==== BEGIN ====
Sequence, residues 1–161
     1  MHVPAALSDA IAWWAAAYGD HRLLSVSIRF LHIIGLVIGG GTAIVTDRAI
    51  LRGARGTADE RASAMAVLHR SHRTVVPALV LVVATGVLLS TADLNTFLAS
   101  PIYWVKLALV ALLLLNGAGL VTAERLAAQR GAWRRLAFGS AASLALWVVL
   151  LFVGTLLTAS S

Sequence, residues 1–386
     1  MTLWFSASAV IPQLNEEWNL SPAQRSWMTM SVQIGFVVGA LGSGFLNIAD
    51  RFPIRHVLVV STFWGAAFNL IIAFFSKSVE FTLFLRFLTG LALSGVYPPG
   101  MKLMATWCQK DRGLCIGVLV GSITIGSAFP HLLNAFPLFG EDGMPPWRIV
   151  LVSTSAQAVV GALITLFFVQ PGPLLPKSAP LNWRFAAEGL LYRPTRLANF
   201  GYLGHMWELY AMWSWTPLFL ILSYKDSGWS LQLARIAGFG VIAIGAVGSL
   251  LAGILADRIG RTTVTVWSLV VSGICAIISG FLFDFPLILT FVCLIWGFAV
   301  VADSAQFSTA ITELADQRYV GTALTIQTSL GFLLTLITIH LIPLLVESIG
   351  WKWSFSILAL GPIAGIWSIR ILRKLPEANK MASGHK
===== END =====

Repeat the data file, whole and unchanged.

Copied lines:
Sequence, residues 1–161
     1  MHVPAALSDA IAWWAAAYGD HRLLSVSIRF LHIIGLVIGG GTAIVTDRAI
    51  LRGARGTADE RASAMAVLHR SHRTVVPALV LVVATGVLLS TADLNTFLAS
   101  PIYWVKLALV ALLLLNGAGL VTAERLAAQR GAWRRLAFGS AASLALWVVL
   151  LFVGTLLTAS S

Sequence, residues 1–386
     1  MTLWFSASAV IPQLNEEWNL SPAQRSWMTM SVQIGFVVGA LGSGFLNIAD
    51  RFPIRHVLVV STFWGAAFNL IIAFFSKSVE FTLFLRFLTG LALSGVYPPG
   101  MKLMATWCQK DRGLCIGVLV GSITIGSAFP HLLNAFPLFG EDGMPPWRIV
   151  LVSTSAQAVV GALITLFFVQ PGPLLPKSAP LNWRFAAEGL LYRPTRLANF
   201  GYLGHMWELY AMWSWTPLFL ILSYKDSGWS LQLARIAGFG VIAIGAVGSL
   251  LAGILADRIG RTTVTVWSLV VSGICAIISG FLFDFPLILT FVCLIWGFAV
   301  VADSAQFSTA ITELADQRYV GTALTIQTSL GFLLTLITIH LIPLLVESIG
   351  WKWSFSILAL GPIAGIWSIR ILRKLPEANK MASGHK